If you are looking for a gown or traditional clothes to rent out for your big day out during Carnival, you should definitely visit the amazing shop of Nicolao Atelier located on the idyllic Fondamenta Misericordia.
This shop has provided the costumes for a variety of period pieces including the Academy Award winning Elizabeth, The Merchant of Venice, Casonova and much more. The place is a museum of Venetian historical clothing. You can visit their website here to book an appointment: http://www.nicolao.com/
Eat some “Frittelle”
Food is a big part of the Venetian Carnivale experience, you will definitely want to try the obligatory Frittelle. Only served during Carnivale. This amazing fried pastry of golden goodness filled with raisins, cream, chocolate or apple slices make doughnuts just seem rather boring.
We recommend trying all of the flavors. The traditional one is filled with spiced raisins and is simply perfect! The other variety of note is a frittelle filled with zabaglione. Eat it and worry about your diet plan later.
To get good Frittelle, we recommend trying out these wonderful places:
Best places to eat “Frittelle” in Venice
- Pasticceria Tonolo- on Calle San Pantalon, 3764
- Pasticceria del Mas- on Rio Tera Lista di Spagna, 150
- Pasticceria Rosa Salva- across for Santi Giovanni e Paolo Hospital
- Bar Pasticceria Italo Didovich- in Campo Santa Marina, 5908
You need to have wine and you need good wine during Carnevale. There are a lot of great places but we narrowed it down to our favorite coziest, locally owned and managed joint Vineria All’Amorone. Wonderful servers, an extraordinary wine list and some of the tastiest most creative cicchettis in all of Venice. Definitely, step out of the fog on your masked evening out and drop in at Vineria All’Amarone.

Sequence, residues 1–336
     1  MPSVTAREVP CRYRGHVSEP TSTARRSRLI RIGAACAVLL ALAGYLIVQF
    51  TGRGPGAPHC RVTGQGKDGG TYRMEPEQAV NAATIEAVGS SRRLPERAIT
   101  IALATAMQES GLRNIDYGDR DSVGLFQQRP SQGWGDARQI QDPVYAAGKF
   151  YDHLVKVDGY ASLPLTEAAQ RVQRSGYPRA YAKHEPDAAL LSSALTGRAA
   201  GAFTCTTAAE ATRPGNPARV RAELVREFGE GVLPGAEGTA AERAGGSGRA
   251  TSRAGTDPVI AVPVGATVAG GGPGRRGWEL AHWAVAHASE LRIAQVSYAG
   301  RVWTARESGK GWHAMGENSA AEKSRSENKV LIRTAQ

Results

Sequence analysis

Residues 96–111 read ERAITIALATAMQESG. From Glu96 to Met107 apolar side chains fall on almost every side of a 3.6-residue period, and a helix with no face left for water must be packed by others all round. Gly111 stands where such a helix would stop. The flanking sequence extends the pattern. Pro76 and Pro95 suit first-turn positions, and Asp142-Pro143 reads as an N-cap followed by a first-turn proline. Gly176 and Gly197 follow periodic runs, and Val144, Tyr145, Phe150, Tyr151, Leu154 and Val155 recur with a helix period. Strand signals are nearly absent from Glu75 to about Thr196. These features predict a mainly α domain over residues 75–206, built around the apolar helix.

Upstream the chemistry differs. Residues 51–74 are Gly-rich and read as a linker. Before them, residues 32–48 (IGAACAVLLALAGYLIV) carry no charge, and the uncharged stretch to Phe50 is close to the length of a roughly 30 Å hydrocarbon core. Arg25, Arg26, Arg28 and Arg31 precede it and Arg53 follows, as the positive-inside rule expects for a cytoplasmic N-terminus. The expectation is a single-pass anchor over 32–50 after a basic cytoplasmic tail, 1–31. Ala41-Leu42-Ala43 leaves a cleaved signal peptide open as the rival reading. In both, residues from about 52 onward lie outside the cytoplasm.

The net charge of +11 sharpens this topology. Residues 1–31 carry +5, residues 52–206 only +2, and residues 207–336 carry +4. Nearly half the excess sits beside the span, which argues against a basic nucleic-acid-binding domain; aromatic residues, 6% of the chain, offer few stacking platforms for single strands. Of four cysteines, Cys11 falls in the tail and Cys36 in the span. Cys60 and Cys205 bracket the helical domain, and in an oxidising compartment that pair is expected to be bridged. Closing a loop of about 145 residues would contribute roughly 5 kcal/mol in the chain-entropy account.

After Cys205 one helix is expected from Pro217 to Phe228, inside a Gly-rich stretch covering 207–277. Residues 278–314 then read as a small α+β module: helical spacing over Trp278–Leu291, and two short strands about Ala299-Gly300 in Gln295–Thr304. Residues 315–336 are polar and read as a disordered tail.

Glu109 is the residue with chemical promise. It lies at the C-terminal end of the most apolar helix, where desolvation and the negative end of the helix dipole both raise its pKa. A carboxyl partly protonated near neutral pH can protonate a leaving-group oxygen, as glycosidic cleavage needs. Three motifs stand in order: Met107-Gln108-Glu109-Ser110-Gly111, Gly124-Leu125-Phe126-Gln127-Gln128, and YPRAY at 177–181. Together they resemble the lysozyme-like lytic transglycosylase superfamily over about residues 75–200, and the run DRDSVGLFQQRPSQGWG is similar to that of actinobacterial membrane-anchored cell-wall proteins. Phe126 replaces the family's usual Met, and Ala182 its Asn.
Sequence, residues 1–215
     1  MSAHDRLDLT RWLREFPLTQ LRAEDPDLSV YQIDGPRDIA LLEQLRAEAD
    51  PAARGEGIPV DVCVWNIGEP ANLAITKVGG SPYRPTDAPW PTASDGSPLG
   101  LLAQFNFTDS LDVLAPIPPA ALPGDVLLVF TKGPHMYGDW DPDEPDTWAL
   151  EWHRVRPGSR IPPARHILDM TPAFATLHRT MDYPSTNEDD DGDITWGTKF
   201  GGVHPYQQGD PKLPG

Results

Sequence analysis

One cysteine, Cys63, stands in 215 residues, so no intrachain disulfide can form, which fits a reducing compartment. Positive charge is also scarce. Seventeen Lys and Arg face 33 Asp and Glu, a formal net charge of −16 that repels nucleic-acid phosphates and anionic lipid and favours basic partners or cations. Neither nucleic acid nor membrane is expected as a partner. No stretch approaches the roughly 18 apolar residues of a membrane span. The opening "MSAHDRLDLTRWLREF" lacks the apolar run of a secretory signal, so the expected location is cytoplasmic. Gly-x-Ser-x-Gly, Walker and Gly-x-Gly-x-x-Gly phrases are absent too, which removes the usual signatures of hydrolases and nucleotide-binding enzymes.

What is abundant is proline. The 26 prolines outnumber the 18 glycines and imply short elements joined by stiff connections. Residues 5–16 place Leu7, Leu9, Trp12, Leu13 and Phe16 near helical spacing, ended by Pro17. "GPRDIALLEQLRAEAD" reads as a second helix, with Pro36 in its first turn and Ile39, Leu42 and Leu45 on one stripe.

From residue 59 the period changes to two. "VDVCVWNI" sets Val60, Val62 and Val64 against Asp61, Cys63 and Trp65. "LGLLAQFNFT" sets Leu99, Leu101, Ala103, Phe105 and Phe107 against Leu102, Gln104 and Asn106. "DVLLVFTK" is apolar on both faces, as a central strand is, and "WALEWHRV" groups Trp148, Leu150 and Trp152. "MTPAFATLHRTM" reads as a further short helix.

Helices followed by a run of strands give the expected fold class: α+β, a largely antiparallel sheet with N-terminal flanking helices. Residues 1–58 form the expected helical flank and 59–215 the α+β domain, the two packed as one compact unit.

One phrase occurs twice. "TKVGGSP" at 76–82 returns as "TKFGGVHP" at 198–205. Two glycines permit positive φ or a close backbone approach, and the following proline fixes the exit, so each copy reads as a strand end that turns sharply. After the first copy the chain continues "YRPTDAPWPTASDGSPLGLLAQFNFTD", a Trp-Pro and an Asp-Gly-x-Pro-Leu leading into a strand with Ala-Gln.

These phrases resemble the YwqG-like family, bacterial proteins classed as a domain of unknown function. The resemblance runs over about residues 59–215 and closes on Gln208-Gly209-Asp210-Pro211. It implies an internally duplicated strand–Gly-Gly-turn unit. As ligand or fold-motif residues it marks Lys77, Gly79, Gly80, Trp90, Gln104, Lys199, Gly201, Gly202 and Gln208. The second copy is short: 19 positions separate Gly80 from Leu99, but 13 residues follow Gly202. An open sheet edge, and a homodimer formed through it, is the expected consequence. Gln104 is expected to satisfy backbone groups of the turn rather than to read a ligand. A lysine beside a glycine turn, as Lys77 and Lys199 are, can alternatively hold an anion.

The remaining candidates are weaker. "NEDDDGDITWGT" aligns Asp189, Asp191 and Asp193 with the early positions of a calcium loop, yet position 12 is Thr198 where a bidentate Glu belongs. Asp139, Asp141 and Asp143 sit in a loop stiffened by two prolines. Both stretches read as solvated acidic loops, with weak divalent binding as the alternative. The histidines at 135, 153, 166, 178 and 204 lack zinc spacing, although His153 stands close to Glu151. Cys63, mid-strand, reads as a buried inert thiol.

When in Venice especially during Carnivale, one of the most important activities to partake in is boating:
Whether it is a gondola or a classical Venetian taxi boat, seeing the lagoon from the water will complete any trip to Venice. Instead, of the gondola or the taxi boat, why don’t you try a ride on a traditional Venetian sailing boat from Classic Boats Venice.
The most authentic way to see Venice during Carnevale would be to ride on their all wooden Venetian-built boats. You can choose from the elegant Topa or the classical Sanpierota, historically a sailing boat for fisherman, as well as a rowing boat, the team at Classic Boats Venice have equipped these boats with a sustainable electric engine.
This ensures you see Venice, the way the Venetians would have seen the lagoon over a hundred years ago in silence. You can also choose the elegance of Sweet Molly, an all wooden beauty built in 1938 from Sweden, considered one of the most beautiful boats sailing in Venice. Lastly, the oldest working boat in Venice, Lady Betty. Built in 1894 this boat was built and used during the reign of Queen Victoria. The team at CBV has replaced the original steam engine with a modern quiet hybrid engine.
During Carnevale in Venice there is always something magical to capture. When you are walking through the streets at night through the fog people costumed in 18th century clothes, you really feel like you have taken a step back in time. Whether it is your first time or you have been to Venice before, Carnival in Venice is truly an unforgettable experience.